As to whether the chart above tells me anything I dont already now about market extremes is doubtful As to whether it adds anything to my overall view of the world and approach to trading I am certain it doesn’t. But your mileage may vary.

Property Versus Shares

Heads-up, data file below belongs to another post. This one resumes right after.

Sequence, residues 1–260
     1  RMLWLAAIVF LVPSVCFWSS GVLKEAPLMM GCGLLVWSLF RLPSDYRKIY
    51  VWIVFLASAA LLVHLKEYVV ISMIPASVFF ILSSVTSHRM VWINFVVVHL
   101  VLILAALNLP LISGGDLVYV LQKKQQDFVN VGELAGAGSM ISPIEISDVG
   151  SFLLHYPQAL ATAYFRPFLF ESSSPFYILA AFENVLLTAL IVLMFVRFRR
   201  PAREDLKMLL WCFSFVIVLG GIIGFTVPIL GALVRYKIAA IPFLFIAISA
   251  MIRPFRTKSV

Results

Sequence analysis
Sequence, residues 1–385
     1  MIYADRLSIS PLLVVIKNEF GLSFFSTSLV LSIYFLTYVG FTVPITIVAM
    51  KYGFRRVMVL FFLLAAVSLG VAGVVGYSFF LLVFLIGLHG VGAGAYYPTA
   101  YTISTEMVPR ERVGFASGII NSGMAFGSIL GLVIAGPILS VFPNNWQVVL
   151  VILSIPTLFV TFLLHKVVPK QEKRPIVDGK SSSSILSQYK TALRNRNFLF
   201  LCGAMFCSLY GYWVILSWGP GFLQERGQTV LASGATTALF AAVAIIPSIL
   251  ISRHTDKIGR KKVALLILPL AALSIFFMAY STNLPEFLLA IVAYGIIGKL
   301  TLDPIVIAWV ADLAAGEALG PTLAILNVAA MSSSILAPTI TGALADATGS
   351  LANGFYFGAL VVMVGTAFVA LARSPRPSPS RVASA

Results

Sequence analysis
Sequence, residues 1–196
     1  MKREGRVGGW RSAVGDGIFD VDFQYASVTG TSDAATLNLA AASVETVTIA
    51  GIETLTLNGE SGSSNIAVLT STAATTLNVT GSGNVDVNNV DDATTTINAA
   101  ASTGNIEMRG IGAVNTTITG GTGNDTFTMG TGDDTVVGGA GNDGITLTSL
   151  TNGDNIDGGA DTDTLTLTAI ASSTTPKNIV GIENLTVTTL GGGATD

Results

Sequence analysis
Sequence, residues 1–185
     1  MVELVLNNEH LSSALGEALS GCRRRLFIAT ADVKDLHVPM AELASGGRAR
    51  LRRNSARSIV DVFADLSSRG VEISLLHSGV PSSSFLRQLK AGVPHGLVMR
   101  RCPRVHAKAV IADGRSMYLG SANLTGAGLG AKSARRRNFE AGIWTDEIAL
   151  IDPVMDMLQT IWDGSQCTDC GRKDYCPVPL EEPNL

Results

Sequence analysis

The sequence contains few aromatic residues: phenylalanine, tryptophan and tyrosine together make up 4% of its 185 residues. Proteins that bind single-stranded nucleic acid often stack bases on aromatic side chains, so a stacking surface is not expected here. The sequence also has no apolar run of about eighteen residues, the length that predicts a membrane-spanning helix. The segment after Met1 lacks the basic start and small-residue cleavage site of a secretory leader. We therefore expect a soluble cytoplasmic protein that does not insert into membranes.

I was mucking around on the Valuer Generals site the other day searching for historical bits and pieces relating to my property when I noticed that the VG kept historical records on their estimation of the median house price in Melbourne. One of the things I have always found difficult in real estate is not the paperwork, the land rats, tenants, maintenance or the incredibly primitive way that houses are actually sold but rather the paucity of data that surrounds their instrument. Reliable and consistent data seems to be very hard to find and this was an issue I found when I was looking the the VG estimations – I couldn’t get them to tie in with other bits and pieces I found. However, only the VG site had any depth of historical information. Imagine trying to deal in a stock that had half a dozen conflicting prices from different sources, none of which you could actually deal in because prices are largely made up and then trying to find out what the price was five years ago only to get another half a dozen differing prices. It seems as if the real estate market is deliberately set up to be obscure and in some ways reminds me of an embryonic options market where those involved either didn’t understand their market very well or were being deliberately opaque.